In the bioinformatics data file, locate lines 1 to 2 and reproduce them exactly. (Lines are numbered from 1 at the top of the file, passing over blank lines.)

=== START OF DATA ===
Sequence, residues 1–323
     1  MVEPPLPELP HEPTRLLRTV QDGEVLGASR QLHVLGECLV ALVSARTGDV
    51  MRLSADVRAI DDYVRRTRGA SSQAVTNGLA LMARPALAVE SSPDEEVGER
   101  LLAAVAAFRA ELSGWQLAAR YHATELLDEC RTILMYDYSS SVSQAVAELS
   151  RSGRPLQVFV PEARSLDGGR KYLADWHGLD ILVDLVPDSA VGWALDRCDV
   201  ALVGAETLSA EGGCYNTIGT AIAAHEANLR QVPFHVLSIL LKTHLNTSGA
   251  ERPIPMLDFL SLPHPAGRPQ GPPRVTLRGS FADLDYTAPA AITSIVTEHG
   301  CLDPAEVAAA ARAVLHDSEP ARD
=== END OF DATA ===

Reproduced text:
Sequence, residues 1–323
     1  MVEPPLPELP HEPTRLLRTV QDGEVLGASR QLHVLGECLV ALVSARTGDV